KARACHI - Karachi Electric Supply Company (KESC) has rejected the statement of Federal Minister for Water and Power Abid Sher Ali for incorrectly accusing KESC of violating power purchase agreement with NTDC.

According to spokesman of KESC, such mistaken comments not only affected the credibility of the power utility in the eyes of its stakeholders, but would also cast adverse impact over the country’s prospects of attracting foreign investment.

While revealing the relevant fiscal and power receiving data, KESC made it clear that there had been no dispute of payment with NTDC as wrongly claimed by the Minister. KESC had purchased electricity worth Rs 223 billion from NTDC since September 2008 while it had paid to NTDC an amount of Rs 226 billion which included payment of arrears as per agreement.

The KESC said that any unilateral action to disconnect NTDC power supply to Karachi as stated by the Minister and earlier by National Power Control Centre through its letter would be incorrect and contrary to law. It was not permissible under the bilateral Power Purchase Agreement signed between NTDC and KESC in 2010, for a period of 5 years. The figures provided by National Power Control Centre of NTDC in its “notice” blaming KESC of receiving power supply in excess to the agreed 650 MWs were incorrect and suffered from material defects.

The power utility pointed out that the Power Purchase Agreement as a whole protected KESC’s right to receive agreed 650 MW and therefore all other allegations and assertions made by the Minister or the NTDC were without substance and rejected by the power utility.

It was also worth mentioning that the issue of KESC’s use of its capacity had already been taken up by the Supreme Court in its Human Rights Case No. 14392 of 2013 – where KESC had duly responded to allegations and assertions of NTDC, Federation of Pakistan and NEPRA.

KESC maintained that the contents of the letter from NTDC were not maintainable as a matter of law or facts and further constituted contempt of court of binding stay orders in the field passed by the Sindh High Court in 2012 in which NTDC, KESC, Federation of Pakistan and NEPRA were all co-respondents and co-defendants. KESC invited the representatives of the Ministry of Water and Power or the NTDC to visit its power supply network and resolve any confusion with regard to the readings.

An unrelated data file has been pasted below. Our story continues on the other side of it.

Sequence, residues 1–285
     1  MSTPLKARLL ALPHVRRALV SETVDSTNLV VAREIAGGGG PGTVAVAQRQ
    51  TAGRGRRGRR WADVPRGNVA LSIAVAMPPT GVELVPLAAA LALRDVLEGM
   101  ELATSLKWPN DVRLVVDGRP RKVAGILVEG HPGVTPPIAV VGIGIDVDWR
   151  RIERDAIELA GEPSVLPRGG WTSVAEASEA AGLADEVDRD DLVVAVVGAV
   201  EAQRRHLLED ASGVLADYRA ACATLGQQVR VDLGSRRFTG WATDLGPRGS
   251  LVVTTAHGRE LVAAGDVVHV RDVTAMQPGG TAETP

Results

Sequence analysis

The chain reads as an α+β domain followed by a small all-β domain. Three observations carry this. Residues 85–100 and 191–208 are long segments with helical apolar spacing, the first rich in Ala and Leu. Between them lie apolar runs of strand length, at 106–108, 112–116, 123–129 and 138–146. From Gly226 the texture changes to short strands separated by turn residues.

KESC demanded of the Minister of State and NTDC to withdraw the inaccurate allegations against the power utility and to avoid being in contempt of court and any unnecessary consequences. KESC reiterated that it was fully compliant with the provisions of Power Purchase Agreement and in fact, if NTDC billing records were checked it would be apparent that KESC’s monthly billing from NTDC in July 2013 was of 615 MW, August 2013 was of 603 MW and 632 MWs in September 2013.

KESC also urged the State Minister to act in accordance with law as well as the binding provisions of the Power Purchase Agreement. KESC reminded the State Minister that the utility served more than 20 million consumers of not only Karachi City but also those spread across 6500 square kilometers stretching from Gharo to Uthal, Bela, Vinder, Lasbela and Hub industrial zones in Balochistan. KESC pointed out that any unilateral action by NTDC to disconnect KESC from the national grid would have serious consequences and the same would be solely at his own risk as to consequences, including any law and order situation arising because of acute power shortfall.